Friday, October 3, 2008

Different Strokes from Different Folks (Karin Jurick)

Different Strokes From Different Folks
In addition to her own painting and blogging regimen, the indefatigable Karin Jurick (who I have written about previously here, as well as in my posts on “painting a day” painter/bloggers here and here) has a new project in which she participates, guides and hosts a collaborative painting blog based on a simple but fascinating concept: multiple artists’ interpretations of the same scene.

Different Strokes from Different Folks starts with the premise that multiple artists paint a painting from the same photograph. Jurick provides the photograph and gets the ball rolling in each case with her own interpretation, leaving subsequent submissions open to any artists who wish to participate.

She emphasizes that the intent is to paint the scene and not the photograph, which is basically a digital stand-in for the physical impossibility of all of the artists painting on location together. Each artist looks for their own composition and interpretation of the subject.

Each session starts on Wednesday evening and is open for a week. The results are posted on the blog with links to each participating artist’s web site or blog. The original photograph is posted first, followed by Jurick’s starting piece and followed by subsequent submissions in sequence.

Those interested in participating should read the instructions on the blog’s sidebar carefully. Submissions are limited to traditional media, must be sent directly to her email address, with a specific subject line, as a JPEG file (not as a link and no blurry photos) and accompanied each time by the artist’s name and web site or blog address (regardless of previous submissions).

The result is a fascinating look at how different artists interpret the same scene in paint, and once each session has ended they participating paintings can be viewed as a group, as well as in the blog post (weekly results links on the sidebar).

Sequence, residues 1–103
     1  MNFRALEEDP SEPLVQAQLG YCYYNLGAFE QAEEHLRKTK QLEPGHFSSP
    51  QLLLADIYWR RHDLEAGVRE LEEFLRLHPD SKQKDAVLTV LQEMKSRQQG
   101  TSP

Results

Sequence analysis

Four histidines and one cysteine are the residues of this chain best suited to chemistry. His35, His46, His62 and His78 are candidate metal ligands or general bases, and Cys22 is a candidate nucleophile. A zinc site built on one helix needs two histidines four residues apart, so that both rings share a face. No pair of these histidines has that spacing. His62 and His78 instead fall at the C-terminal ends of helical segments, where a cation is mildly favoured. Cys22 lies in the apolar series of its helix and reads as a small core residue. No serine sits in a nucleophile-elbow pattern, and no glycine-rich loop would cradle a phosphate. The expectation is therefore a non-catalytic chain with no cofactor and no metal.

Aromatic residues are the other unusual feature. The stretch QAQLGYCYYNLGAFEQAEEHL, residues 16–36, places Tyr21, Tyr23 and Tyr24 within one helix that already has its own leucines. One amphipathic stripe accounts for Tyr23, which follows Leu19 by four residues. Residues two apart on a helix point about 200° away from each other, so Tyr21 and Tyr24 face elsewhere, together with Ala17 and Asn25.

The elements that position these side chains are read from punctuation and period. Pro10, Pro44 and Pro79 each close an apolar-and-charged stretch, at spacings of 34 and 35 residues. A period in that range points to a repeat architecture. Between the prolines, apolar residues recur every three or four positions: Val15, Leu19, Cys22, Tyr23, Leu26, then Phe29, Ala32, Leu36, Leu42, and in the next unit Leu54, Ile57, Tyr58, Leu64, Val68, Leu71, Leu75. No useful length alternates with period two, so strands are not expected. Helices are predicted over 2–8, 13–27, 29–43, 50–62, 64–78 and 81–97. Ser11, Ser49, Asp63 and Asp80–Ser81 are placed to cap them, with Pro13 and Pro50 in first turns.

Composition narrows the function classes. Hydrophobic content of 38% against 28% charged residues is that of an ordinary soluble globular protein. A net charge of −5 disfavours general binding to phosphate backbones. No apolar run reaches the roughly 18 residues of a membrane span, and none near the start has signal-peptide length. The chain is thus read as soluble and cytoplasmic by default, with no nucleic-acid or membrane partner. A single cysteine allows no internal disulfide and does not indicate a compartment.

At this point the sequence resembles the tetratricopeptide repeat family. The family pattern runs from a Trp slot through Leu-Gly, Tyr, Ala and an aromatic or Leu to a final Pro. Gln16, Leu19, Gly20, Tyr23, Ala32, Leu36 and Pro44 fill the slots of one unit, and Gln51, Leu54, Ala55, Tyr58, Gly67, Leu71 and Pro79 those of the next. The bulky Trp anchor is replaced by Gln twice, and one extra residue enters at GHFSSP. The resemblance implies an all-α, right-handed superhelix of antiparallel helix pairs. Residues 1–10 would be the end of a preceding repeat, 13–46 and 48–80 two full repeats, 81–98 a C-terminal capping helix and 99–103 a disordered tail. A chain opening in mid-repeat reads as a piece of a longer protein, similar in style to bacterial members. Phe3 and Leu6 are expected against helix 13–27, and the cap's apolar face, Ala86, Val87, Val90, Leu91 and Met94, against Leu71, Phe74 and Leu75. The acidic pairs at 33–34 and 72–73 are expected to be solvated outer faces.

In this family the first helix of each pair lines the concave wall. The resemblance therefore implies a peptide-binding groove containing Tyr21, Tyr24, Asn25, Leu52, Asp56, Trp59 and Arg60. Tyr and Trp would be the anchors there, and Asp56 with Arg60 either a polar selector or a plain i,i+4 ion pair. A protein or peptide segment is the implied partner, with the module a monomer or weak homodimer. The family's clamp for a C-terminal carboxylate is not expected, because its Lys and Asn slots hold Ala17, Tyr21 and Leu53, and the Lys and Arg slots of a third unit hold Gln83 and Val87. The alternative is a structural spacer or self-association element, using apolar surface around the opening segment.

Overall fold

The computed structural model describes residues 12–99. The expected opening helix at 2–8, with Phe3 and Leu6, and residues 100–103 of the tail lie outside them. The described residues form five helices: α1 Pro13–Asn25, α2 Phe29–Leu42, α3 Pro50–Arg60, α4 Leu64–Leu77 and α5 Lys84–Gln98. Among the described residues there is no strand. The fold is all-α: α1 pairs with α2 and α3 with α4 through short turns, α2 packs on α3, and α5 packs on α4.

Jurick also posts her own painting, and often a composite poster of the others, on her own blog.

As of this writing, the subject is the Cloud Gate sculpture (locally known as “The Bean”) in Millennium Park in Chicago.

(Image above: left column: Karin Jurick, Emma Pierce, Dean Haven, Nancy Rhodes Harper; right column: Alice Thompson, Tommye Easterlin, original photograph)

15 thoughts on “Different Strokes from Different Folks (Karin Jurick)

  1. Nancy Rhodes Harper

    I just wanted to say thanks for including me in your article about Karin’s Different Strokes Blog. She is one of my favorite artists and also a favorite person. I think she is so generous to include other artists in this venture. I enjoy your website so much.

  2. Karin Jurick

    I am always proud to be mentioned on your blog Charley – and thank you for featuring the Different Strokes Blog. I have come to realize we are all starving for motivation and subject matter and this weekly challenge seems to give many the push that’s needed – and that’s a good thing.

  3. Colin Page

    Hey Charley,